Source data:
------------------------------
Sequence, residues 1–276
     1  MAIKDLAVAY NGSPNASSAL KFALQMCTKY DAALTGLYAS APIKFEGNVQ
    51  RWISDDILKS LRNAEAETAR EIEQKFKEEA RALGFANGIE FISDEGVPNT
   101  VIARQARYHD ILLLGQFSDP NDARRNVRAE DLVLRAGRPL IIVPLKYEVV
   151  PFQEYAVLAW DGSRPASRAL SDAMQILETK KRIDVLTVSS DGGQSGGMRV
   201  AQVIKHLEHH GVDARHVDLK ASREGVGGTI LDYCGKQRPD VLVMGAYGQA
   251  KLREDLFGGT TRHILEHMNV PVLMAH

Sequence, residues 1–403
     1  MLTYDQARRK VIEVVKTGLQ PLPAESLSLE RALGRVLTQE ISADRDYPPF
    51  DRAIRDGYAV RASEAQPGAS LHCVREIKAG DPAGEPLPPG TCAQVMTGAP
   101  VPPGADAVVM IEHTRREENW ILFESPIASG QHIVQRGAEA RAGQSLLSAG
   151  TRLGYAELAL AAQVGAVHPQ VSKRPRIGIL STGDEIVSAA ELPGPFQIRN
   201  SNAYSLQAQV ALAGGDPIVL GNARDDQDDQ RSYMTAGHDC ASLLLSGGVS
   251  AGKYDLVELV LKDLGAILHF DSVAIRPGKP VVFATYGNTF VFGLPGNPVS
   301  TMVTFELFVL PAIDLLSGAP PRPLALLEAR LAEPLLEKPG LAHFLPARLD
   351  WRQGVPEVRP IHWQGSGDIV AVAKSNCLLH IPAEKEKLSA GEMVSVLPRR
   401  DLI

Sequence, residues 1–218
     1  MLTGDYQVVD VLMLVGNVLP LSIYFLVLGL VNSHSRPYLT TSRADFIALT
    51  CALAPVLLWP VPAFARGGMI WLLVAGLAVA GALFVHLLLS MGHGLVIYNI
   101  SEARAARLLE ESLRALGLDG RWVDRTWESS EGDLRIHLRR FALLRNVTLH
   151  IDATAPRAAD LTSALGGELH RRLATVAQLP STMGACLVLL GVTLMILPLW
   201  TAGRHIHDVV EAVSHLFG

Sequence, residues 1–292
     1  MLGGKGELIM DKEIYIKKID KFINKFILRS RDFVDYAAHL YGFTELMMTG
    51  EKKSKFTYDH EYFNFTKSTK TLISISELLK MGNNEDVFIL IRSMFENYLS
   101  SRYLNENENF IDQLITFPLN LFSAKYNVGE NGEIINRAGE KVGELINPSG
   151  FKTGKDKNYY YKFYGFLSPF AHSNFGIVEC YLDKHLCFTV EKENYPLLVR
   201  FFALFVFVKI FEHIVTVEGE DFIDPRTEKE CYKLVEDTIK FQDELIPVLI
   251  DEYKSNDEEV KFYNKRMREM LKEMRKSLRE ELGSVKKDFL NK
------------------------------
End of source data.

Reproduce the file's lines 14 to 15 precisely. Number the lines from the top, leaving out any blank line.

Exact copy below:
   251  AGKYDLVELV LKDLGAILHF DSVAIRPGKP VVFATYGNTF VFGLPGNPVS
   301  TMVTFELFVL PAIDLLSGAP PRPLALLEAR LAEPLLEKPG LAHFLPARLD